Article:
Don’t Monkey Around with the Telephone!

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Anne Ross

Don’t Monkey Around
with the Telephone!

Among the most entertaining postcards are those showing animals in human predicaments. A good example is the singerie by Sir Edwin Landseer of an Englishmen who traveled to France and came back aping the French in their dress and mannerisms.

The Travelled Monkey

Another is this one captioned Don’t Monkey. It features a painting of three monkeys behaving like humans in play with a telephone. The painting is by an unknown artist. On the simplest level, it’s an early 20th century equivalent of the silly pet videos on YouTube. On a deeper level, it’s a parody of society’s reaction to early telephones – with a moral message attached.

Don’t Monkey

Collectors can classify this postcard as either an “anthropomorphic” card or as a “singerie.” Anthropomorphic cards show any species of animal acting as if they are people, but a singerie is more species-specific. Singerie is a French term for “monkey trick.” This genre first became popular in Dutch and French art during the 17th and 18th centuries. The most common singeries are quite satirical. They show monkeys dressed in human clothes, mimicking human behavior as if they desperately want to be human.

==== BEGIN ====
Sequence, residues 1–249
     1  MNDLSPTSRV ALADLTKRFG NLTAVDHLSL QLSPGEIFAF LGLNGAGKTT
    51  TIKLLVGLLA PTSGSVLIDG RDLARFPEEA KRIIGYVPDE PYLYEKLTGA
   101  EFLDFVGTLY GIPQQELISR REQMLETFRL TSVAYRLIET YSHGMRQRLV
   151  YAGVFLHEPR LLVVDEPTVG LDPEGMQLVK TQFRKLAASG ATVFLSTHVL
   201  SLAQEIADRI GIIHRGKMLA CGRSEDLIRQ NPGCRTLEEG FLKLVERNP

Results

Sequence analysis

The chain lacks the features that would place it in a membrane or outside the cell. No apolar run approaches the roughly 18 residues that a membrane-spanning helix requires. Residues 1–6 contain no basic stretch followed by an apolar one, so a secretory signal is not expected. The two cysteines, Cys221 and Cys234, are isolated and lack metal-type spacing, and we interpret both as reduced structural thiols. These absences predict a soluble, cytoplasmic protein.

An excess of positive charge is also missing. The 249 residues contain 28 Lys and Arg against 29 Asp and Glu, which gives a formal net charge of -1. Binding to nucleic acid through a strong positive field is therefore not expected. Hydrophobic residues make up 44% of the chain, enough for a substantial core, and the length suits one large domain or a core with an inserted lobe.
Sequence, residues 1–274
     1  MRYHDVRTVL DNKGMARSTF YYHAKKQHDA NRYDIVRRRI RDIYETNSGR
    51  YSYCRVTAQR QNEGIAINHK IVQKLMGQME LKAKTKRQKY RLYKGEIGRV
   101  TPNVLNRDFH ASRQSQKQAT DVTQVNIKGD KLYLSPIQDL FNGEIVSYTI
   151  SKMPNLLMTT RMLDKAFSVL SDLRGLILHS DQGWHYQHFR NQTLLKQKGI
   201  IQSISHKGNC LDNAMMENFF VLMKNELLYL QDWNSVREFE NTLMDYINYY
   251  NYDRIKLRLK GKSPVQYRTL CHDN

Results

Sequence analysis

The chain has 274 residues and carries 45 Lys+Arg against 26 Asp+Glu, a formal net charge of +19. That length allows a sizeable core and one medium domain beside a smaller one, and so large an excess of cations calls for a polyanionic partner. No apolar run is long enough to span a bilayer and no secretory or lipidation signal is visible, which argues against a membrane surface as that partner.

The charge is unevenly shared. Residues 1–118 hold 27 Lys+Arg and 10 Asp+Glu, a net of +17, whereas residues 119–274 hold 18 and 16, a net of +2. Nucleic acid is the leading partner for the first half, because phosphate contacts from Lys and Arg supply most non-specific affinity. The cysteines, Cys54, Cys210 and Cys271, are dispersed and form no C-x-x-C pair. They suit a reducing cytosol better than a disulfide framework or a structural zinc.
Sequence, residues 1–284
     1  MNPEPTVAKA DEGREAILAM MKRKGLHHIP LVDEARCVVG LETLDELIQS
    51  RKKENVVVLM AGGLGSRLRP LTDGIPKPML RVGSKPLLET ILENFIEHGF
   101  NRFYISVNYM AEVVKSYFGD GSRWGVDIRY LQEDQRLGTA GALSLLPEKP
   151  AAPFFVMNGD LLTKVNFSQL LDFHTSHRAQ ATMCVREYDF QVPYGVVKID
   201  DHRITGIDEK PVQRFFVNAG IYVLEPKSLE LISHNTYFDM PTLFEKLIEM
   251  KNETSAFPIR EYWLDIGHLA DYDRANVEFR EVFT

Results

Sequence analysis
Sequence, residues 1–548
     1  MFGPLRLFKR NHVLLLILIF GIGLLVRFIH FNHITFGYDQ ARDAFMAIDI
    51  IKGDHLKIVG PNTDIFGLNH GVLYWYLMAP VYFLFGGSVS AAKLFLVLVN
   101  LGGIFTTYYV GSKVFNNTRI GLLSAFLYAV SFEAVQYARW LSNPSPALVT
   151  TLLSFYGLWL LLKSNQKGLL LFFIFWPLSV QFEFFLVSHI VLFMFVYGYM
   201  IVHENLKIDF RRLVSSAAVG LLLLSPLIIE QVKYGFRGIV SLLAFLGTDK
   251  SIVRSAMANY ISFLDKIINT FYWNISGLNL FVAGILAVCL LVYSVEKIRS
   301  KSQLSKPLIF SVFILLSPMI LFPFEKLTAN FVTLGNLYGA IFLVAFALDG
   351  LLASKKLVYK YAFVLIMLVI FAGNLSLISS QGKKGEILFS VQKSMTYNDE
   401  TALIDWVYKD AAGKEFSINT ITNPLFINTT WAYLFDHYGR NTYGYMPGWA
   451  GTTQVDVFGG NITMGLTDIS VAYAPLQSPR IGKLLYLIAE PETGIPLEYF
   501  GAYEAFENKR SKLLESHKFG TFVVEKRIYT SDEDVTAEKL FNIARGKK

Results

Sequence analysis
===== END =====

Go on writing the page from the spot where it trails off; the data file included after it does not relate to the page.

Although monkeys easily imitate people, their lack of reasoning means that they cannot comprehend their own actions. Primates are seen as lesser beings because they are our closest biological relatives, but they are still not human. Therefore, it was socially acceptable to use monkeys to make fun of human behavior. At their cruelest, singeries satirized our human obsession with new trends like telephones.

On this postcard, the monkey on the right is mimicking a human speaking into the telephone. He has dropped a pair of eyeglasses in order to grab the phone. The monkey on the left holds the receiver, listening but unsure what to do in response. He is sitting on a book, having attempted to read like a human – only to chew on the pages in frustration and give up! The grey-faced monkey in the center unwittingly plays saboteur, chewing on the telephone cord. He cannot understand that his actions may result in electric shock that would end any attempt to be more like a human!

Today, the monkeys’ antics make us laugh. But in 1906, this image was meant to poke fun at people’s awkward attempts to use early telephones and their reactions to the new technology.

For many years after 1876 when Alexander Graham Bell perfected his invention, the telephone was seen as a dangerous tool which explains this postcard’s title “Don’t Monkey.” People who bought telephones were seen as foolish. How could you make use of a telephone if the only other person you knew who had one was the operator? Rumors ran rampant about the newfangled contraption, generating fears that were both rational and irrational.